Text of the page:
Cigarette smoke tumbles over lawn-puncturing high-heels,
punchy accessories, splashes of color. Amanda blows smoke rings
that expand toward the stars. My waking age reels
before me amid rocks and retches. It tangles in palpitant strings
tied up between tall cans rowed like soldiers, roadside crosses,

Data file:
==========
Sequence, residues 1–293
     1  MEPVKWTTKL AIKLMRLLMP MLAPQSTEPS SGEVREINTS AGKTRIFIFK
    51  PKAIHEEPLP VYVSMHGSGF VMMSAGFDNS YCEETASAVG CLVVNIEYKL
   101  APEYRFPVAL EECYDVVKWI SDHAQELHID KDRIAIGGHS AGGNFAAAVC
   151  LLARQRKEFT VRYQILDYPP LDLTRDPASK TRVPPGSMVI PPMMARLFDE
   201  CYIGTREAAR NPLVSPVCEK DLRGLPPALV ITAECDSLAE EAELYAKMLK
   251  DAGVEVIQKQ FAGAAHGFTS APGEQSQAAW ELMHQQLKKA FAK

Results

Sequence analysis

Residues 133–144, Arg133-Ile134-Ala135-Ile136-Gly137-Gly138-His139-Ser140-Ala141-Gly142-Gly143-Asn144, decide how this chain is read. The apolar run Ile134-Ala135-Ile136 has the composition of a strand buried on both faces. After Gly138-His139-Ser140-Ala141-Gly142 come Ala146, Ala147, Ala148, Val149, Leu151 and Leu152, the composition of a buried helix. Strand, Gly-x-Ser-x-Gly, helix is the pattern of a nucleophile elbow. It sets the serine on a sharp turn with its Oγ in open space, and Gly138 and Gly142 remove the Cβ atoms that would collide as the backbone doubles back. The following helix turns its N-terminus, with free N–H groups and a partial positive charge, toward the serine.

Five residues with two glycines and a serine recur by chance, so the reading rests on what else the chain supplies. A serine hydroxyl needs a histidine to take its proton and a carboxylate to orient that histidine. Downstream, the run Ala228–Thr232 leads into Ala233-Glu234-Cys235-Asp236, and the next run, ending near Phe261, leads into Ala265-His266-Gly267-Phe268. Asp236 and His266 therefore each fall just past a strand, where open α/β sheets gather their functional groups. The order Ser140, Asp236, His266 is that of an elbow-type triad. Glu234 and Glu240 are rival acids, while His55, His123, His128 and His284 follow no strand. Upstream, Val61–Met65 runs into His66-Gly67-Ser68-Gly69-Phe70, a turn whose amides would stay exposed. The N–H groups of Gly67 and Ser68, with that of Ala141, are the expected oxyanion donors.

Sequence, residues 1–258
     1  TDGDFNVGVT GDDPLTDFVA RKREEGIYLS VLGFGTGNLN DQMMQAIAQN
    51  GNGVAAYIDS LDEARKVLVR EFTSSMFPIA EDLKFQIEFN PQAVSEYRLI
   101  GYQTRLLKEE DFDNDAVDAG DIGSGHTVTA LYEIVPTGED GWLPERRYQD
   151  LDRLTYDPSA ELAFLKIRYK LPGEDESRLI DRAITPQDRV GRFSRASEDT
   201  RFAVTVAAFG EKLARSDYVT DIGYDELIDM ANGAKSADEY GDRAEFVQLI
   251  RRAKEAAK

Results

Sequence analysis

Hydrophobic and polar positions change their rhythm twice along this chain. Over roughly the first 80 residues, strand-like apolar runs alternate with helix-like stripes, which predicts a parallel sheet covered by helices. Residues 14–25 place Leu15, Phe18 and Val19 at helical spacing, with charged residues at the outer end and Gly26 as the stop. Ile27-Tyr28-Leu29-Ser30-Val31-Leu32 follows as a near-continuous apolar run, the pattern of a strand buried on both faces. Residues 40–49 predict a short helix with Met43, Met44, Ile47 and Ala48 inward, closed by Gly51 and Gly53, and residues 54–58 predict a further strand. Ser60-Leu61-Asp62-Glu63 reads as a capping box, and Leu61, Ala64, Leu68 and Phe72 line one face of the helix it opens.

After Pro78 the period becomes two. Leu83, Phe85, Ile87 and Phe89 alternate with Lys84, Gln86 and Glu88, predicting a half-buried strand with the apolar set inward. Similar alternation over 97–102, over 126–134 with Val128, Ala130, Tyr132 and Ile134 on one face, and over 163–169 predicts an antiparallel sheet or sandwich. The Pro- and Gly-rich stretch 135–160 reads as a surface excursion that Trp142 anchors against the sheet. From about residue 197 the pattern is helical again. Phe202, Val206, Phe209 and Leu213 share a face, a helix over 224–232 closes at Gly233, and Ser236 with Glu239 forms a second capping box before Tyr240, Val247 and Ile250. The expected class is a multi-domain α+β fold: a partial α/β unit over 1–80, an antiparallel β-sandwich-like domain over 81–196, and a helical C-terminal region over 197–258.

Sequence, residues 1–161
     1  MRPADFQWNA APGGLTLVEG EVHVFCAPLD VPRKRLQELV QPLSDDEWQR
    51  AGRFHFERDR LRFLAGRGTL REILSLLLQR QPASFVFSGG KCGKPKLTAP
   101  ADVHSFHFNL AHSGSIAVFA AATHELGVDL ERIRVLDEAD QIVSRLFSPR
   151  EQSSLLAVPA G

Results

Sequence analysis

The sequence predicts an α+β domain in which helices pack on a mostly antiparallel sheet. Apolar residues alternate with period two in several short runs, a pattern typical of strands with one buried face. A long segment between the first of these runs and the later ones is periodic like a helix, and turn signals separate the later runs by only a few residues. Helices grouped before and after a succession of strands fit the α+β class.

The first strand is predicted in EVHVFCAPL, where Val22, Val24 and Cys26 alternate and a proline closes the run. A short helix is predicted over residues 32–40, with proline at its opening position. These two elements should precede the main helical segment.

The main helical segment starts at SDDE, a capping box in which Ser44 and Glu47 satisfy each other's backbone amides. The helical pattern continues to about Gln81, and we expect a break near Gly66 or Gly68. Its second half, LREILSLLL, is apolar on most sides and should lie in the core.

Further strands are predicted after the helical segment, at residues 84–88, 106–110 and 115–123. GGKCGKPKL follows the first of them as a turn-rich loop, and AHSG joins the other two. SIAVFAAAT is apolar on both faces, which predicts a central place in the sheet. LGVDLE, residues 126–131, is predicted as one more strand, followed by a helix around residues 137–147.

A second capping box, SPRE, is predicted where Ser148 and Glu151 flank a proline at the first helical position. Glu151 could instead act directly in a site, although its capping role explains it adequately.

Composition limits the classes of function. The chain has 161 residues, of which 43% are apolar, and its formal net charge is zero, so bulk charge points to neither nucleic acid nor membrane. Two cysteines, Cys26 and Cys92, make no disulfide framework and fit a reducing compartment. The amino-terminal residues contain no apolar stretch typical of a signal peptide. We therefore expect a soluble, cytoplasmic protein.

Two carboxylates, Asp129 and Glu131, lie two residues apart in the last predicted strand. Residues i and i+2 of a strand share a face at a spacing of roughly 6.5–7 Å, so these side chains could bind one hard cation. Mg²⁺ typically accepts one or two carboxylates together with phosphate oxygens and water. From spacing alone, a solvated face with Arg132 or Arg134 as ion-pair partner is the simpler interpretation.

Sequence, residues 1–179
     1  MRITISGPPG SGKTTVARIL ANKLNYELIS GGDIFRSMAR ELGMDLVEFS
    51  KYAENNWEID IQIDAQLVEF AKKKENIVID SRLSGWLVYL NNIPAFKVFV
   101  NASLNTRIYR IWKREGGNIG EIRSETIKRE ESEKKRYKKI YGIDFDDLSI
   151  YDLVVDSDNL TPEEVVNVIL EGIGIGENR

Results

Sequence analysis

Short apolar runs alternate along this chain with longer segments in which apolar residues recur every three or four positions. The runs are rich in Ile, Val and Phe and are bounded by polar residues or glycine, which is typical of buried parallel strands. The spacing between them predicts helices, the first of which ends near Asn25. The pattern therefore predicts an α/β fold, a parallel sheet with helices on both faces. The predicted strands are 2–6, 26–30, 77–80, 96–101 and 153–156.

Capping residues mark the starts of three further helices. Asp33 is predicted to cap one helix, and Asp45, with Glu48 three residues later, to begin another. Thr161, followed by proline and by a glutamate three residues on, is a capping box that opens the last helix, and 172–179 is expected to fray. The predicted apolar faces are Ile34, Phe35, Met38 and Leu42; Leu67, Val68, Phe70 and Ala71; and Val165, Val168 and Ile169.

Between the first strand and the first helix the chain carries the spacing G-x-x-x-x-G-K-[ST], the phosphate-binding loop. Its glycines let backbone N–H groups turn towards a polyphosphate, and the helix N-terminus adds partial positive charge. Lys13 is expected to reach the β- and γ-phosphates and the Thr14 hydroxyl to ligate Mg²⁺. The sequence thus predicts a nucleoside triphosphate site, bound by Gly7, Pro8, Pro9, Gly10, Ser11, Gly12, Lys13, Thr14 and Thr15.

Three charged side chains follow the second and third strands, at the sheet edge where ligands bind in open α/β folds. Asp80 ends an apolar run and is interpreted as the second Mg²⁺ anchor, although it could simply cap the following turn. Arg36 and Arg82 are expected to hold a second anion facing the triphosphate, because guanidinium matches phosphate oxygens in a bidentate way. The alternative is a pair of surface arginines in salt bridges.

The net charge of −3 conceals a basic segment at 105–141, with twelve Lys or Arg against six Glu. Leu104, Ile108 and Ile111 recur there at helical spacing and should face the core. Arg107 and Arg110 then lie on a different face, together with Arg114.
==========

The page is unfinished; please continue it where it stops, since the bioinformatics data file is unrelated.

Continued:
and IV stands; I don’t have a glass to sit behind.
G&Ts offer to soften my edges, pry open my losses,
hum me synchronous with the smoky porch: I politely decline.
The lawn chair sucks onto the backs of my thighs
while I try to dissolve. Elias perfects his French inhale,
as a cichlid transmutation glasses my eyes.
The smoke settles into a film over my hardening scales.
Swimming away under everyone’s kaleidoscopes, I think
how good it must feel to let oneself sink.
1 August 2012